Are you visiting Israel or maybe you are an oleh (new immigrant)? If so, then you are most likely very familiar with the experience of speaking Hebrew with an obvious foreign accent מִבטָא. It’s like a neon label on your forehead screaming, “I’m not from here!” For those of us who are not adept at incorporating new sounds into our speech, this can make us feel bad: “Ohh, I sound terrible!” Alternatively, we can accept (and maybe even embrace) this “different” aspect of ourselves, telling ourselves something like, “It’s awesome that I’ve learned to speak a second language! Go me!”
Not quite there yet? That’s ok! There’s a surprisingly easy, and perhaps surprising, way to get closer to this place of acceptance and start feeling more comfortable with your conversational Hebrew. What’s the secret סוֹד ? Hangout and talk to little kids ילדים, like three, four or five year olds. These kids who don’t yet know how to read, write or do basic math are indeed the exact people you need to get your Hebrew rolling. With these guys as your teachers, you’ll improve your conversational Hebrew and most likely your accent too, for the following awesome reasons:
1. Little kids are non-judgemental
Speaking to a sabra צָבָּר (native born Israeli) when you have a very strong and noticeable foreign accent can sometimes be quite intimidating. Since you know you sound “different” and you know that they know that you sound “different” there may be so much performance anxiety bubbling in you that it can be difficult to even mutter a single word. It’s not like that with small kids. They may notice your accent but it’s not because they are judging you, thinking in their little heads, “Wow! Her accent is sooo terrible!” No, these innocent beings are still open minded creatures. They are simply being curious סקרן, which leads us to the second reason.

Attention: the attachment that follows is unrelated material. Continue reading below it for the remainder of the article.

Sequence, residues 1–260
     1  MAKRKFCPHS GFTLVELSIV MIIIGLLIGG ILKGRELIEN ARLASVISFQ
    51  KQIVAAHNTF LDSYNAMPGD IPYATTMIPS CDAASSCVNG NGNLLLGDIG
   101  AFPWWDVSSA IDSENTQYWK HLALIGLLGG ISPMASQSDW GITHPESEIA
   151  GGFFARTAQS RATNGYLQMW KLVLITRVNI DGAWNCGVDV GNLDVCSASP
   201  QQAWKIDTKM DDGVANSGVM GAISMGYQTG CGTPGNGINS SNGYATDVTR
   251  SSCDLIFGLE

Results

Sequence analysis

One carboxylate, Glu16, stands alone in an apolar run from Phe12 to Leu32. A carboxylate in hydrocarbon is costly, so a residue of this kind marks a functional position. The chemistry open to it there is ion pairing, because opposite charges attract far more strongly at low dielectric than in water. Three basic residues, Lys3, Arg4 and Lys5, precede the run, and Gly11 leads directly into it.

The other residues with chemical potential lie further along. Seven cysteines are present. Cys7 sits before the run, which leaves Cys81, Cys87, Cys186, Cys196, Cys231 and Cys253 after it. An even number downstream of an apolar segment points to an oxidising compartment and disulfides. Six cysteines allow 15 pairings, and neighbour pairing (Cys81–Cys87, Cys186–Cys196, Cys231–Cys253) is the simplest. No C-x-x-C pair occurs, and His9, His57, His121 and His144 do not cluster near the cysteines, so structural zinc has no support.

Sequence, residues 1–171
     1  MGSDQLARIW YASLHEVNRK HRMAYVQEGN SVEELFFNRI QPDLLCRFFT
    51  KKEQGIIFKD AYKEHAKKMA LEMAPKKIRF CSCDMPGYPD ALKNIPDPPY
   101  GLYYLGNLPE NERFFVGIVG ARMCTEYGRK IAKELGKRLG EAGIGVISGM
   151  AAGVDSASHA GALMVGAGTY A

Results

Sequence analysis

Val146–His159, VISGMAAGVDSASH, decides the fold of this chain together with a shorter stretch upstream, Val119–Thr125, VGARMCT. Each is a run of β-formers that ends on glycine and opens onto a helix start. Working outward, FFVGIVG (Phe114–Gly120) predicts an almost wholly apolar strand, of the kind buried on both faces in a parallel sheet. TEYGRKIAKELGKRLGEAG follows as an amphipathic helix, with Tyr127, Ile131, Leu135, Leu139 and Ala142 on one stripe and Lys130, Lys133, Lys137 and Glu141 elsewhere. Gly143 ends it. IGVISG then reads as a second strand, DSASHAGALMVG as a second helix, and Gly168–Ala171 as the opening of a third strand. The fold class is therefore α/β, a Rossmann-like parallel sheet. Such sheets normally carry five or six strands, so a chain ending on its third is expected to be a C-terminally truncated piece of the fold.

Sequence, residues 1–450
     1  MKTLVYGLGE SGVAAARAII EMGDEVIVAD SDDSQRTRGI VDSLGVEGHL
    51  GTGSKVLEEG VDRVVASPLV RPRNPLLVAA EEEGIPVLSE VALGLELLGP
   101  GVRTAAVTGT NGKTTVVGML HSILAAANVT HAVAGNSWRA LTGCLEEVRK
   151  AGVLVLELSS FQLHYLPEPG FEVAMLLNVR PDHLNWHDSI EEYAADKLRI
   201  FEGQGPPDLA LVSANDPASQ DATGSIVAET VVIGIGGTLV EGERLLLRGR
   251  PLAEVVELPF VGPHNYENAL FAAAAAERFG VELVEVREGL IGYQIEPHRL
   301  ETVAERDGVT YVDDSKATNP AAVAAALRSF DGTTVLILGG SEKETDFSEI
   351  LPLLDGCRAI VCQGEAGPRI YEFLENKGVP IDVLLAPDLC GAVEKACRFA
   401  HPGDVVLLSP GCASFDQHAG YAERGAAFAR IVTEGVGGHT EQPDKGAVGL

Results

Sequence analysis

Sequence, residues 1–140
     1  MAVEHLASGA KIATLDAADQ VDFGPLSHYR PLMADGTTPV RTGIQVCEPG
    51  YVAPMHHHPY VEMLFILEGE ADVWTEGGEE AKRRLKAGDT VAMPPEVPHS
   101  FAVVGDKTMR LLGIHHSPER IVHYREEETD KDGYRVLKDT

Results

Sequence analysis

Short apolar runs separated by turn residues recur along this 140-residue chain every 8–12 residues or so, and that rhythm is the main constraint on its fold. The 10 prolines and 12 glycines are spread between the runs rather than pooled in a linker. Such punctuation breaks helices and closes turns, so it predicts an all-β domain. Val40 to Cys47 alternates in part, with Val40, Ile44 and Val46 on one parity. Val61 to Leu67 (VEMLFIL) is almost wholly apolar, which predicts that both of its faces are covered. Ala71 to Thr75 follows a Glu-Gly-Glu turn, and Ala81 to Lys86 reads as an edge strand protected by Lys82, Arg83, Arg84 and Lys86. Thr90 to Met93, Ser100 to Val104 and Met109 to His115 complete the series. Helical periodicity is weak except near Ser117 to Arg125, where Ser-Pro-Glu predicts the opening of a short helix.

2. Little ones are curious about the present moment
Adults are busy with places to go, people to see and things to do. They barely notice what’s happening around them most of the time. They are just itching to get to the next idea, place or thing. Ever watch a preschooler go for a walk down the street רְחוֹב? In the time it would take an adult to walk one minute, the child will take his or her sweet time, stopping 13 times to admire a leaf, look at a bug, touch a bench, pick up a stick and who knows what else. This is a result of their natural curiosity, which is advantageous for you when you are learning to get comfortable with speaking Hebrew. Rather than be put off by your unfamiliar-to-their-ears accent, kids will simply be curious. These mindful little beings will notice you, stop and want to talk to you even more.